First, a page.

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The National Interest
Doug Bandow
7 May 2009

Doug Bandow is a senior fellow at the Cato Institute, and the author of several books, including Foreign Follies: Americas New Global Empire.

A year ago, Cyclone Nargis wrecked Burma. About one hundred forty thousand people are thought to have died, with another 2.2 million people displaced or otherwise affected. The storm destroyed homes, killed livestock, salted rice paddies, sank fishing boats and shredded what little respect anyone had left for Burmas ruling military junta.

Indeed, to the horror of people around the world, the so-called State Peace and Development Council (SPDC) rejected most outside assistance. Denunciations and even threats of military intervention filled the air. Today Burma is healing, though deep scars from the storm remain. Political progress has been nil: No one expects next years promised elections to be fair. Today, however, some humanitarian groups offer measured words of praise for Burmas government. Looking back, its apparent that attempting coercion would have been disastrous. ()

The horror was compounded when the juntaong remarkable for its brutality, irrationality and inscrutabilityefused to freely allow outside aid. The regime kept American and French naval ships offshore, refusing to permit the landing of supplies. Foreign plane shipments of assistance were impounded. Aid workers were denied permission to enter the delta. What little assistance was accepted was distributed by the Burmese military, which even interfered with attempts by Burmese citizens to help those in need. Before the cyclone hit, few people would have imagined that the juntas reputation could fall any lower. But fall it did.

As the misery of the Burmese people increased, so did support for military intervention. The Washington Posts Fred Hiatt pointed to UN Security Council Resolution 1674, passed three years ago, which established he responsibility to protect populations from genocide, war crimes, ethnic cleansing and crimes against humanity. The International Commission on Intervention and State Sovereignty, whose report undergirded the resolution, also had called for applying the principle during verwhelming natural or environmental catastrophes, where the state concerned is either unwilling or unable to cope.r
French Foreign Minister Bernard Kouchner, among others, invoked the so-called responsibility to protect to force aid upon the SPDC. He left unspecified what that would mean beyond a Security Council resolution insisting on cooperation. British Foreign Secretary David Miliband argued that ll instruments of the UN should be available, including, apparently, military force. ()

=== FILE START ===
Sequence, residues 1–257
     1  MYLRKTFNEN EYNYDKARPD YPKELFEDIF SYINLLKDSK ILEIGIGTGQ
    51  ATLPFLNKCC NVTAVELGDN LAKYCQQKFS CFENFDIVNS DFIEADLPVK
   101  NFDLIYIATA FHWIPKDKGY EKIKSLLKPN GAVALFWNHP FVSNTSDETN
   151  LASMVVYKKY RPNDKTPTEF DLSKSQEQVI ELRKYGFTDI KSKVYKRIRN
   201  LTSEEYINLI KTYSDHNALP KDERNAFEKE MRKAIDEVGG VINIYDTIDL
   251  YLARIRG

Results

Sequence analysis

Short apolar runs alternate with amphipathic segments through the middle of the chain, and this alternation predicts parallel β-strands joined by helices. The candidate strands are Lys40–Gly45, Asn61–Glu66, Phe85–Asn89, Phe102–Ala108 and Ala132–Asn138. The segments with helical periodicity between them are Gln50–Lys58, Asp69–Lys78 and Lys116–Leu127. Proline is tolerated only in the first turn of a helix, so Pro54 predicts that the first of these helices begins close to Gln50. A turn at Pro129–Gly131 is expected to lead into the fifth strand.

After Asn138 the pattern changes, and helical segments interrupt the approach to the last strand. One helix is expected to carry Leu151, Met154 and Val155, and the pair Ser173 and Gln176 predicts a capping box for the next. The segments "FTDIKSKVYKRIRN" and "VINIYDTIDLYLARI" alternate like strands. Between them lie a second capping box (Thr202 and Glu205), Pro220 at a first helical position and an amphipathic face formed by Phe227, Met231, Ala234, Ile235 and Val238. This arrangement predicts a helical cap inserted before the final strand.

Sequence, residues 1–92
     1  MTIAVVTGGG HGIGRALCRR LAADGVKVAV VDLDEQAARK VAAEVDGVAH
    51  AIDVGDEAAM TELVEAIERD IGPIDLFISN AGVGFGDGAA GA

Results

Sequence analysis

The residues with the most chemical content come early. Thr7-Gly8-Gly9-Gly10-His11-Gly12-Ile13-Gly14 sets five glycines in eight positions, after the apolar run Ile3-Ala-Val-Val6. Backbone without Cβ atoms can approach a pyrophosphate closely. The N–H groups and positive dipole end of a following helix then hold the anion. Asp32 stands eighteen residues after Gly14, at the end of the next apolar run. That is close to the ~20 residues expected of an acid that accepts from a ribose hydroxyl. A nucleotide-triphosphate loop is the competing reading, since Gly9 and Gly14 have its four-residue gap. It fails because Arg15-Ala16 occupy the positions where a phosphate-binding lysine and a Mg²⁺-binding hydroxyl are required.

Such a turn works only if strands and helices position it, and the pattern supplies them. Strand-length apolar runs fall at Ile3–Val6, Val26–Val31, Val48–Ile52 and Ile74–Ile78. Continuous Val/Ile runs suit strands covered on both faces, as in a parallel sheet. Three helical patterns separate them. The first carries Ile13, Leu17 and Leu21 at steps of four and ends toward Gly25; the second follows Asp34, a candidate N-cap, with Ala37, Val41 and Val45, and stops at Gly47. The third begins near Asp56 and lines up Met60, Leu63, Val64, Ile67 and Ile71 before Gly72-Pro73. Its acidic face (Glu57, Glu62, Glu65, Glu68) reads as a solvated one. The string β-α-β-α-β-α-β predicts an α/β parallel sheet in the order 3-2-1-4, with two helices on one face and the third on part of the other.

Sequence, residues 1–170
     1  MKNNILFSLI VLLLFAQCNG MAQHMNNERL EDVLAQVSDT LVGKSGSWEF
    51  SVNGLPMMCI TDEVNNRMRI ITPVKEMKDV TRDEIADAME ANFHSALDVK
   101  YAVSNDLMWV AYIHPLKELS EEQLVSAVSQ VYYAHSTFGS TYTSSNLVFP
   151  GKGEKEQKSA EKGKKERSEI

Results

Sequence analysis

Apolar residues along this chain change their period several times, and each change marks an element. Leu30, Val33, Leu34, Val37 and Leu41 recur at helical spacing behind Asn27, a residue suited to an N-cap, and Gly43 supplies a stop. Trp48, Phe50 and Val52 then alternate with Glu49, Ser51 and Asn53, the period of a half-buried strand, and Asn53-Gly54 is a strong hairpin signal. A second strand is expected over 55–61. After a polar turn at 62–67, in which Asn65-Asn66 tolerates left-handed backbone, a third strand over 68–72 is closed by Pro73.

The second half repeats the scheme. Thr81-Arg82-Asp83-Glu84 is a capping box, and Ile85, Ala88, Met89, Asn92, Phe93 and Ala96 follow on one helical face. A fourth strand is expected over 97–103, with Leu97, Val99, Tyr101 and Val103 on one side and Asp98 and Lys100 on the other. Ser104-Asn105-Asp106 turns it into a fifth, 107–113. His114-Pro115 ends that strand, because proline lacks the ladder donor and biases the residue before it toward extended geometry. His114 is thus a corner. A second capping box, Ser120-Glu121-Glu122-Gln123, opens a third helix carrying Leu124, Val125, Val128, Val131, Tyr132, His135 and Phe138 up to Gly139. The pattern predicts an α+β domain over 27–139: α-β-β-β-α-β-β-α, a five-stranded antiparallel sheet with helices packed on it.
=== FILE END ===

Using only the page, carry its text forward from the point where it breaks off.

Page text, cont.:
Slate columnist Anne Applebaum called for consideration of lternatives in order to help he Burmese even against the will of their irrational leaders. Ideas on exactly what to do varied from full-scale military intervention to more limited measuresropping aid from planes, flying food from ships via helicopter, or convoying assistance across the Thai border and daring the junta to shoot. () But more concerted resistance would have threatened the lives of military personnel, aid workers and storm victims alike. Kenneth Bacon of Refugees International boldly declared: orceful efforts to interfere with relief deliveries would turn the responsibility to protect into a right to protect. But that would have required more forthright intervention, including military strikes or oots on the ground. ()

For understandable reasons, then, most policy makers remained unenthusiastic about attempting to coerce Burma. John Holmes, UN Undersecretary-General for Humanitarian Affairs, opined: m not sure that invading Burma would be a very sensible option. And the SPDC gradually opened the delta to Western aid even as it tried to profit from the international communitys activities. Three months later Holmes reported that much-feared second wave of deaths from starvation or disease has not happened. He also said that his is now a normal international-relief operation. The Burmese militarys turnaround led some NGOs to develop a trange new respect for the SPDC. For instance, one unnamed UN program director told the New York Times that after the Burmese recognized they could not handle the disaster, hey did a lot. A huge national response occurred. ()

Of course, no one sugarcoats the regimes human-rights record. But the relationship between the domestic military junta and outside humanitarian agencies has been transformed. Which would not have happened had the West attempted coercion. Forcible intervention would certainly have destroyed the prospect for cooperation over the long-term and likely spread conflict across Burma, even to areas not directly affected by Cyclone Nargis. ()


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